Ukraine’s AAU 
‘Black Hole’

While it has long been known that ‘black holes’ suck in light, physicists are still debating where it goes.  Similarly, it seems Ukraine sucks in money from carbon trading and the government is having trouble finding where that has all gone. For the last two months, Ukraine has actively searched for 320 million Euros it received from selling hot air AAUs to Japan and Spain for emission reduction projects.  The investigation is still ongoing, but Ukrainian President Victor Yanukovich has already announced, ‘the money was stolen by the previous Government’.  Whatever the truth may be, the current government has confirmed to Ukrainian NGOs that, so far, not a single project was financed from these funds. Ukraine got the money under the international emissions trading mechanism by selling 30 million tonnes of hot air credits to Japan in the spring of 2009 and a further 3 million credits to Spain. Although Ukraine claims it has set up a Green Investment Scheme regulation to prove that money goes only to emissions reductions projects in a transparent and efficient way, in reality there is no access to information on project selection procedures and the subsequent use of the money. There is also a big scandal in Ukraine about a proposed AAU trading contract between the Ukrainian Government and what appears to be a New Zealand limited partnership, Tawhaki International LP, involving 50 million AAUs. According to a media investigation of this deal, the owners of the company are Ukrainian citizens, one of whom is a former 
UNFCCC negotiator. ECO thinks it outrageous that Ukraine still insists on the right to bank all the unused AAUs from the first commitment period into the future, given that it seems unable to properly regulate its carbon trading or ‘green’ the projects.  To make things worse, their post-2012 target includes – you guessed it – even more hot air. Our message to Ukraine is: the UNFCCC is not the place to cheat.  It is the place for you to help solve the global climate crisis!  The Ukrainian NGO Working Group on Climate Change has urged all Annex I parties not to buy any more hot air from Ukraine until it reviews its national regulations and assures the money is used in a transparent and efficient way. Under the current scheme neither the population nor the economy, and certainly not the climate, will see any benefit. Hot air trading creates another kind of black hole too – sucking away the will of Annex I countries to actually cut emissions.  A new AAU surplus must be avoided in the next Kyoto Protocol commitment period. Reduction targets for any Annex 1 country – not only those presently owning surplus AAUs like Russia and Ukraine – must be substantively lower than current baseline emission estimates. As for the AAU surplus, carryover between the first and second commitment periods could have the following legally binding restrictions:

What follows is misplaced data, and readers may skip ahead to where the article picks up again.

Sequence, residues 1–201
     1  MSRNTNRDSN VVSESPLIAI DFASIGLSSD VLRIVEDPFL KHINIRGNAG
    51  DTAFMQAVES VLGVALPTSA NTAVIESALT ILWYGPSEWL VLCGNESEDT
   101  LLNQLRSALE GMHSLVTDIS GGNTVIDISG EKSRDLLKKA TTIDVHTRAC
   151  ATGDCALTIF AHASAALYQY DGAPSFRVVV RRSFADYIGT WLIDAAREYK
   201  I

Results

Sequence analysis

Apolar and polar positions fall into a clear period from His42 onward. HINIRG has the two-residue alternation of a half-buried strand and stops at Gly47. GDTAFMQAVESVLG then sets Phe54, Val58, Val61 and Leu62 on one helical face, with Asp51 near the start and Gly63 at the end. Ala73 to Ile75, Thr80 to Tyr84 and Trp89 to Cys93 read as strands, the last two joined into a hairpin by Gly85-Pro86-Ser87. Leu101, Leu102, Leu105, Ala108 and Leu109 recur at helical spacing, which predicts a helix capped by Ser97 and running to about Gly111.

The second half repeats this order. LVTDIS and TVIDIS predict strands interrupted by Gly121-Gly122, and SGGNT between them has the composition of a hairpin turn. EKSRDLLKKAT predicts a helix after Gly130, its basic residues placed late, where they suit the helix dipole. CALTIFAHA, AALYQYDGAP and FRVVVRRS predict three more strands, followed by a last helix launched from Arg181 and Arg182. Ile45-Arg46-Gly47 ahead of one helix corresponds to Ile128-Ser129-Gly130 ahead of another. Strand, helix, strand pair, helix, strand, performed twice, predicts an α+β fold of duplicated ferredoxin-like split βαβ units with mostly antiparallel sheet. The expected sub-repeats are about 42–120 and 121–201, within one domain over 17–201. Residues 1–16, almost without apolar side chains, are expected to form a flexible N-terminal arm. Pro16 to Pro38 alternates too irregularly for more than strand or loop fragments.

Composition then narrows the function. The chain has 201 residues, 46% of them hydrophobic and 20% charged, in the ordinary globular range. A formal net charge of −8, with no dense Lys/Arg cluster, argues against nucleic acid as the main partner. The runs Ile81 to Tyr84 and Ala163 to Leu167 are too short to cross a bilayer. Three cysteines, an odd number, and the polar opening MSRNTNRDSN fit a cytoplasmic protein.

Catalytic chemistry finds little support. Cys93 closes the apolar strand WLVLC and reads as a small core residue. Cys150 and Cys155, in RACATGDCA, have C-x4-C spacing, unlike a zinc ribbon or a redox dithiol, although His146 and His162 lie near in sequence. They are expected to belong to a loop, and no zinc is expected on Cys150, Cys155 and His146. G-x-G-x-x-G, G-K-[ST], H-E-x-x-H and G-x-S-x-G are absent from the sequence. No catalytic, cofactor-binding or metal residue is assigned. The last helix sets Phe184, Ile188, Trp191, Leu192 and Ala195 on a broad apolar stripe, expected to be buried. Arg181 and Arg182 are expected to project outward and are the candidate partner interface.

• AAU surplus may be used domestically in surplus holding countries for compliance in the next commitment period, but subject to a dynamic discount factor.
  • The discount factor must be set so that no more than 10-20% of the annual average level of first commitment period emissions is carried over in countries with an AAU surplus.
  • An annual quantified limit on selling off carried-over AAUs has to be agreed, and legal provisions should prevent the laundering of first commitment period AAUs via the sale of second commitment period AAUs.
  • AAUs must not be used at all for compliance in domestic cap and trade systems in Annex I countries.
  • Surplus-holding countries should commit to climate friendly investment of the revenues from AAU surplus selling through transparent and internationally monitored Green Investment Schemes and/or to funds supporting developing country Parties. This can be legally enshrined in a post 2012 agreement.
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